Sean Jacobs

Founder-Editor, Africa Is a Country, and Associate Professor, International Affairs, The New School.

Voted for

The Battle of Algiers1966Gillo Pontecorvo
Borom Sarret1963Ousmane Sembène
Do the Right Thing1989Spike Lee
The Emperor's Naked Army Marches On1987Kazuo Hara
In the Year of the Pig1968Emile De Antonio
Mapantsula1989Oliver Schmitz
Come Back Africa 1959Lionel Rogoson
Sans Soleil1982Chris Marker
Fruitvale Station2013Ryan Coogler
Monsoon Wedding2001Mira Nair


The Battle of Algiers

1966 Italy, Algeria

The Battle of Algiers stands alone as a masterful piece of anti-colonial filmmaking and the best in the genre of fictional documentary. It is as relevant as ever.

Borom Sarret

1963 Senegal, France

Borom Sarret is by the Senegalese filmmaker (and former dockworker), Ousmane Sembene, influenced by his studies in the Soviet Union. The film is only 18 minutes long, but points to some of the unfinished business and new class politics of independent Africa.

Do the Right Thing

1989 USA

Probably the best piece of agit-prop cinema ever made on the violence of racism in one of the US's big cities.

The Emperor's Naked Army Marches On

1987 Japan

Filmmakers as diverse as Michael Moore and Errol Morris swear by The Emperor’s Naked Army Marches On, about a Japanese Second World War veteran embarking on his own truth and reconciliation commission.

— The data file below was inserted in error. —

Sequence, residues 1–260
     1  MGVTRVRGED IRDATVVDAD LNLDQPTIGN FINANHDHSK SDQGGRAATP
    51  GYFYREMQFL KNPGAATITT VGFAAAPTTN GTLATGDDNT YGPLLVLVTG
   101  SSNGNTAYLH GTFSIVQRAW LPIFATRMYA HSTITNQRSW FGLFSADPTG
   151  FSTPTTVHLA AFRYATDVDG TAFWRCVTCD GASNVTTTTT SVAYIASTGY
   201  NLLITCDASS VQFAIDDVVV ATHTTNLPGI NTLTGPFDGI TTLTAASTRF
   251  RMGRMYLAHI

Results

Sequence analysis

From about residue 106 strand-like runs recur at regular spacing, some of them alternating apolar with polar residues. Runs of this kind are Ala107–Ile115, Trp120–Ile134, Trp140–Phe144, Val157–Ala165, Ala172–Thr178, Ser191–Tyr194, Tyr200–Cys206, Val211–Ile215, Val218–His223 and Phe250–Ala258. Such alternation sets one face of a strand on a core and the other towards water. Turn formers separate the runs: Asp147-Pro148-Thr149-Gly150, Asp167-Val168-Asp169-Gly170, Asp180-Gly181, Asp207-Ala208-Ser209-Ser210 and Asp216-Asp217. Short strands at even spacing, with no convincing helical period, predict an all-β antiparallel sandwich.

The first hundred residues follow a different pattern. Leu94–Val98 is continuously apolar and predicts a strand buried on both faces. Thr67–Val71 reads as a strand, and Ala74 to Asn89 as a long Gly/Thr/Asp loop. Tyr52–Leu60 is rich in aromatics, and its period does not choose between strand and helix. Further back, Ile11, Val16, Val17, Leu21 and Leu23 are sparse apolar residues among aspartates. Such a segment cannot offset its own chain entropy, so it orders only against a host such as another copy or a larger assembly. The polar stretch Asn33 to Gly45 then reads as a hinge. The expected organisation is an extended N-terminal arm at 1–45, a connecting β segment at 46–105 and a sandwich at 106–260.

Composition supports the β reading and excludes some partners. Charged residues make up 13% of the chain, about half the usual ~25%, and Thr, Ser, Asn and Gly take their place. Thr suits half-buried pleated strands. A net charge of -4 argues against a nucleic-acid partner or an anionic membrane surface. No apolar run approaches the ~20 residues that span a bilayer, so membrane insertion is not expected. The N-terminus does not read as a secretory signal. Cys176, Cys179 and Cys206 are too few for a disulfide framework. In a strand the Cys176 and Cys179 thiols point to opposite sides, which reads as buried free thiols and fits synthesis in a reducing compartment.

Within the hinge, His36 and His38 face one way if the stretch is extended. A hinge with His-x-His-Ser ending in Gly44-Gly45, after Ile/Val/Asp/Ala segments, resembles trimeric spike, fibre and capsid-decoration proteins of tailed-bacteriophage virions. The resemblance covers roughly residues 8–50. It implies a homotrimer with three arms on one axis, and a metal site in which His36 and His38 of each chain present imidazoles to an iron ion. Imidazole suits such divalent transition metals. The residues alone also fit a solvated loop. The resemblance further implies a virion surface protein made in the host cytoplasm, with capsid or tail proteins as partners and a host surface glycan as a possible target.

In the Year of the Pig

1968 USA

One of the definitive film works on the US's colonial war in Vietnam.


1989 South Africa, Australia, United Kingdom

The story of gangster-activist, Panic, made by the black-white South African duo of Thomas Mogotlane (now late) and Oliver Schmitz. The definitive feauture on 1980s Apartheid South Africa.

Come Back Africa


After Lionel Rogosin directed "On the Bowery" in 1956, he then turned his gaze to late 1950s Herrenvolk South Africa. "Come Back Africa," shot mostly with an amateur cast and from the perspective of the black majority, won the critics award at the Venice Film Festival. It also introduced the world to the singular talent that is Miriam Makeba.

Sans Soleil

1982 France

A brilliant piece of cut-and-paste, experimental documentary film. It is also partly a film about solidarity and the politics of liberation.

Fruitvale Station

2013 USA

Of its time (the Black Lives Matter moment) and Ryan Coogler's best work.

Monsoon Wedding

2001 USA, Italy, Germany, France

I wanted to include a love story on my list. Mira Nair is one of the masters of the genre: It's a dead heat between two of her films: "Mississippi Masala" and "Monsoon Wedding." For me, Monsoon Wedding - beautifully shot and rich in detail - just gets the nod.

Further remarks

It's no accident that these ten films are mainly by filmmakers from or who focus their lenses on the Global South, particularly Africa. That said, they cover themes and world historical events that resonate far beyond those locales (and exposes Western blind spots). Finally, they are made by filmmakers whose brilliance and technical quality can stand next to the best from Euro-America.